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able admit argument authority believe better bill body called cause Church Company consider constitution course danger debate doubt duty effect England English Established evil exist fear feeling force gentlemen give given Government hand hope House of Commons hundred important India institutions interest Ireland judge King land less look Lord Lord John Russell means Member ment mind Ministers natural necessary never noble object once opinion opposition Parliament party passed person political pounds present principle produced proposed prove question reason Reform representative respect right honorable Baronet Roman Catholics seems side society speak speech stand strong surely tell term things thought thousand tion trade true turned vote whole wish
Page 535 - And if my standard-bearer fall, as fall full well he may, For never saw I promise yet of such a bloody fray, Press where ye see my white plume shine, amidst the ranks of war, And be your oriflamme to-day the helmet of Navarre.
Page 465 - But meanwhile axe and lever Have manfully been plied; And now the bridge hangs tottering Above the boiling tide. " Come back, come back, Horatius !
Page 537 - And hark ! like the roar of the billows on the shore, The cry of battle rises along their charging line: For God! for the Cause! for the Church! for the Laws! For Charles, King of England, and Rupert of the Rhine! The furious German comes, with his clarions and his drums, His bravoes of Alsatia, and pages of Whitehall; They are bursting on our flanks! Grasp your pikes! Close your ranks!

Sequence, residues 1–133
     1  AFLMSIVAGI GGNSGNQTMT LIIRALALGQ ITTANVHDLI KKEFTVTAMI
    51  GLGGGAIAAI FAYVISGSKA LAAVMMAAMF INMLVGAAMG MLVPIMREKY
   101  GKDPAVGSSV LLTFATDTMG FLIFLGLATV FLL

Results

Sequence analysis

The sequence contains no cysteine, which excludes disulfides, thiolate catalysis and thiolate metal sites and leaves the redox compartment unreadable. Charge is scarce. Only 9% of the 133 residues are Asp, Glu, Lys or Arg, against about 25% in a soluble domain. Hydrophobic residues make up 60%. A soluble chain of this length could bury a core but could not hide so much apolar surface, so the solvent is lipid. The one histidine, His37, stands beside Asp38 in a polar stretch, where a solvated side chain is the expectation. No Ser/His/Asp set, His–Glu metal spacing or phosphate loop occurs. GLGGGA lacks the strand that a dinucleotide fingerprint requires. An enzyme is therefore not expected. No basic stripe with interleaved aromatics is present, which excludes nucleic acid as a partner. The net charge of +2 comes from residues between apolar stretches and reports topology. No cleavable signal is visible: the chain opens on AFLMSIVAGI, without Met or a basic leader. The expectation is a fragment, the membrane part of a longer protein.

Page 159 - For loyalty is still the same Whether it win or lose the game ; True as the dial to the sun, Although it be not shin'd upon.
Page 460 - Then none was for a party ; Then all were for the state ; Then the great man helped the poor, And the poor man loved the great : Then lands were fairly portioned ; Then spoils were fairly sold: The Romans were like brothers In the brave days of old.
Page 534 - And Appenzel's stout infantry, and Egmont's Flemish spears. There rode the brood of false Lorraine, the curses of our land ! And dark Mayenne was in the midst, a truncheon in his hand ! And as we looked on them, we thought of Seine's...
Page 454 - The harvests of Arretium This year old men shall reap, This year young boys in Umbro Shall plunge the struggling sheep, And in the vats of Luna This year the must shall foam Round the white feet of laughing girls Whose sires have marched to Rome.
Page 456 - Now from the rock Tarpeian Could the wan burghers spy The line of blazing villages Red in the midnight sky. The Fathers of the City, They sat all night and day, For every hour some horseman came With tidings of dismay.
Page 573 - Ho! strike the flagstaff deep, Sir Knight: ho! scatter flowers, fair maids ; Ho! gunners, fire a loud salute: ho! gallants, draw your blades : Thou sun, shine on her joyously ; ye breezes, waft her wide ; 30 Our glorious SEMPER EADEM, the banner of our pride...